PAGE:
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Using Collaborative Learning Teams

Happy Back to School!

This September is a new beginning for me as I’m not only back (part time) to my position at Cedar Hill Middle School but I’m also a new PhD student at UVic so I’m back to TWO schools. I absolutely loved my post graduate certificate program in ethnomathematics and felt at the end of it that I still had so much more to learn so…. I’ll be delving even deeper into culturally sustaining math pedagogies and teaching for social justice during my PhD!

This blog is going to focus on using collaborative learning teams for a number of reasons. I think they are the very best way to incorporate the core and curricular competencies (for all subject areas) and they are a culturally sustaining pedagogy (I’ll unpack what this means shortly). They are a great way to set the stage and build a safe learning culture within your classroom and finally, they save you, the teacher, so much time and energy and allows you the time to do great formative assessment and work with students who really need your support.

Core and Curricular Competencies:

When I look up the most important work/school skills each year, the list has been similar for a number of years. At the top of the list are things like: Communication, Collaboration, Problem Solving, etc. When I see these, I ask myself “how are my students ever going to become proficient at communicating, or working as a team unless they have regular practice doing these skills?”. Our students not only need to be experiencing these more often but also with specific feedback from us about how they are doing. In our curriculum, these important employability skills are found in the core and curricular competencies. These are not ‘one and done’ checklists of things to do, but rather they are the vehicles through which we teach the content.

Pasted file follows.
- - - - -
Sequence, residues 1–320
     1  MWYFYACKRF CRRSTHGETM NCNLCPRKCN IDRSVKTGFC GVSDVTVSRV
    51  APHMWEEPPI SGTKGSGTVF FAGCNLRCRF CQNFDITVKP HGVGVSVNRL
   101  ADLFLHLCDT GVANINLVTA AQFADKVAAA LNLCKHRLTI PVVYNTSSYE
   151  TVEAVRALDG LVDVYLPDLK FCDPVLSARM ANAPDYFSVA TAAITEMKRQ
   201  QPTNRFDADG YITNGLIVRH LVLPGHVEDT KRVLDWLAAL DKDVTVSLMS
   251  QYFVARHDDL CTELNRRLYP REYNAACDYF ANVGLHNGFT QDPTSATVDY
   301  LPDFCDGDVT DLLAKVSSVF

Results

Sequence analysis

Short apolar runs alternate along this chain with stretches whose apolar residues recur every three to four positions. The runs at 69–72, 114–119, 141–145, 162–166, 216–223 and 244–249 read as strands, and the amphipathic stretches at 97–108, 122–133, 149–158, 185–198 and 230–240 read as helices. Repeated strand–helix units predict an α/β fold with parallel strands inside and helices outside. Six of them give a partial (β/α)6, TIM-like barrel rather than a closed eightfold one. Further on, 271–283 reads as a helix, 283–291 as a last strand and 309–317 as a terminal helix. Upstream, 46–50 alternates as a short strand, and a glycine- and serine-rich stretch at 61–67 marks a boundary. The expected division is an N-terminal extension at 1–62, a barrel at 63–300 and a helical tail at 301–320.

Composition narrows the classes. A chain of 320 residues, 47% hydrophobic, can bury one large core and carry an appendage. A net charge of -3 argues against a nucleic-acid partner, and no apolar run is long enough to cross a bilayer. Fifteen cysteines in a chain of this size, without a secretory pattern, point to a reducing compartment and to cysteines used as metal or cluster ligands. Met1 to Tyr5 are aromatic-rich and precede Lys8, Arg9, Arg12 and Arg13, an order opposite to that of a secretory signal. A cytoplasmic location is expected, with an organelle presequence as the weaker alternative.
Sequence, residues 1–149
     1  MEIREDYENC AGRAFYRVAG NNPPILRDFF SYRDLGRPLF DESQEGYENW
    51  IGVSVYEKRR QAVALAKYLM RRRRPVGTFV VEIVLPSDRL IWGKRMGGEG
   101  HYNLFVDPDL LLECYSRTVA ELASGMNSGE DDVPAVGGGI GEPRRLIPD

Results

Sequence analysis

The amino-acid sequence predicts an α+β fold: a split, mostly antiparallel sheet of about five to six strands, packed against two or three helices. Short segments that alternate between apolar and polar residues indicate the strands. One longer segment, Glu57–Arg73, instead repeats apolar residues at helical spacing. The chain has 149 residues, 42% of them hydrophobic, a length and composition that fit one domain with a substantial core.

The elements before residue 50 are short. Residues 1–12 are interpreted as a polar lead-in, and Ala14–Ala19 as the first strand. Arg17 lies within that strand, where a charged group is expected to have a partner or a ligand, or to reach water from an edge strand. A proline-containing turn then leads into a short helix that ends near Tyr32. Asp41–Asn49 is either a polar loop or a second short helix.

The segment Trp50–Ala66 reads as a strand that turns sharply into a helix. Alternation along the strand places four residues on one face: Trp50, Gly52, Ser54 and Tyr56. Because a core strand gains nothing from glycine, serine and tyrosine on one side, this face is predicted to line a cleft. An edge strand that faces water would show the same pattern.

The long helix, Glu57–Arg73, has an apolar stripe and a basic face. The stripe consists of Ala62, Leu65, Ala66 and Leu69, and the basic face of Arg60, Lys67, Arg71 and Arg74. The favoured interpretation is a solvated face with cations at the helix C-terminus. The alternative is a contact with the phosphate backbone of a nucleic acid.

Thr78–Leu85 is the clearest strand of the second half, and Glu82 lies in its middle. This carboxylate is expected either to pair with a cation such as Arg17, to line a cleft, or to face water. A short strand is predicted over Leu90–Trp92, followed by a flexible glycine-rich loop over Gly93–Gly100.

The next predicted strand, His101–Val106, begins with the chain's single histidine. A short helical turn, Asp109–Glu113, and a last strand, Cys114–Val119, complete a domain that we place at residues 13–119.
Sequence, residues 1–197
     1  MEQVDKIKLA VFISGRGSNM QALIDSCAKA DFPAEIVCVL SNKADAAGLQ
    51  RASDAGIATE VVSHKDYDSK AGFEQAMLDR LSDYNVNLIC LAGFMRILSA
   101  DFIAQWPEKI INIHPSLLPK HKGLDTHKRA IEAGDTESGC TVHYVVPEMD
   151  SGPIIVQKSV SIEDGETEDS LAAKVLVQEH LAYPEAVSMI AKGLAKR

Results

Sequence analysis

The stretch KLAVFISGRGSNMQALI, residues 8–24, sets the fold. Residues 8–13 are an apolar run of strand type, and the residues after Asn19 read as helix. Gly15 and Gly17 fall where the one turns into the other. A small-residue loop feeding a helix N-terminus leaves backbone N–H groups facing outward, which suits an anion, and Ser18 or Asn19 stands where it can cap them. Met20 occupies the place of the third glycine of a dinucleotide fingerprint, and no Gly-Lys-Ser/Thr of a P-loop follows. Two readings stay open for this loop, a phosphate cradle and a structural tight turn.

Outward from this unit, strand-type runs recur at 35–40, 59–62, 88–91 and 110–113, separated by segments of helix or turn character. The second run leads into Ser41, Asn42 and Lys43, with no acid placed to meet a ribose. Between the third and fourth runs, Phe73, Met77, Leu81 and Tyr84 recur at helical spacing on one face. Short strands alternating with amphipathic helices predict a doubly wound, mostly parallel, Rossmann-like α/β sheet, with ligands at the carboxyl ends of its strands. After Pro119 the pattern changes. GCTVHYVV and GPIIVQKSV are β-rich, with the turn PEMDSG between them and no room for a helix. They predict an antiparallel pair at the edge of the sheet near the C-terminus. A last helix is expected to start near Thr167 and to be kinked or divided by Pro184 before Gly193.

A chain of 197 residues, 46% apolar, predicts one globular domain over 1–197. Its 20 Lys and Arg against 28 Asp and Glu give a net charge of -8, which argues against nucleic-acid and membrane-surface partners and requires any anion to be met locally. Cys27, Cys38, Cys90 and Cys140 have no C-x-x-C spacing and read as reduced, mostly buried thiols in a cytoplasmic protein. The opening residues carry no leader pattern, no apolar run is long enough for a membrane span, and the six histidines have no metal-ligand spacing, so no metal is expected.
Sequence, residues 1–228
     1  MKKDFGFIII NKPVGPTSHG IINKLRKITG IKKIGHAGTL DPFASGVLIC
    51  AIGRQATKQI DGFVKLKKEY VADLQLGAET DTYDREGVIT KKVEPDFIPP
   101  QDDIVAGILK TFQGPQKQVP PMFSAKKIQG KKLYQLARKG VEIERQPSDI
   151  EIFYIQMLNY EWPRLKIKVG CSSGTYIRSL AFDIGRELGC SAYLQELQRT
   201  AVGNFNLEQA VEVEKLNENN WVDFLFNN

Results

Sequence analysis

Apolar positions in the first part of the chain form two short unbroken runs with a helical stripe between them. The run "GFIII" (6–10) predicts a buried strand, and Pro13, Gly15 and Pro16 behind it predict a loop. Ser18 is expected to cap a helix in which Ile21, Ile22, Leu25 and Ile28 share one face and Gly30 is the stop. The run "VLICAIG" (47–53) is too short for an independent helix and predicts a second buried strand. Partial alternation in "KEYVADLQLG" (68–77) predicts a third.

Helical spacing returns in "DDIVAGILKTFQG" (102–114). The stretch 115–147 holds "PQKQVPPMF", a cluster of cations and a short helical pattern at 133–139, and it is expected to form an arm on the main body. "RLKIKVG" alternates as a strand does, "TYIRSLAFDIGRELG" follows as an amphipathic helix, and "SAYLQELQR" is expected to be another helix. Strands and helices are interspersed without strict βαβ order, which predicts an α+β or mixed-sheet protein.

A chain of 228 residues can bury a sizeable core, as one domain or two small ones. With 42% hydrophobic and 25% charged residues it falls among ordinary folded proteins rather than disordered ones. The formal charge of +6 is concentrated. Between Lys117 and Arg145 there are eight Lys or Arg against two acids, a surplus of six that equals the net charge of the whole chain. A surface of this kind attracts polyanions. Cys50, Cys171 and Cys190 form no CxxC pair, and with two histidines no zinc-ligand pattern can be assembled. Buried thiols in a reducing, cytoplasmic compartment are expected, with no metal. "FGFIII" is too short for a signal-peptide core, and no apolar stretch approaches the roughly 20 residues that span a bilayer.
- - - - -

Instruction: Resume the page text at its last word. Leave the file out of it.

When I first started using the ‘teams’ approach a couple of years ago I was blown away at how much better of a pedagogical approach it was and the teachers that I worked with were similarly surprised and pleased (those that use it use the teams for more than math….it becomes how their classes operate most of the time). Since then, I’ve promoted them a lot but not many teachers were comfortable trying them. I’ve talked to quite a few teachers about this to better understand their hesitation and here is what I most often hear:
• I’m still trying to teach the ‘new math’ using manipulatives, etc. and so I need to do one thing at a time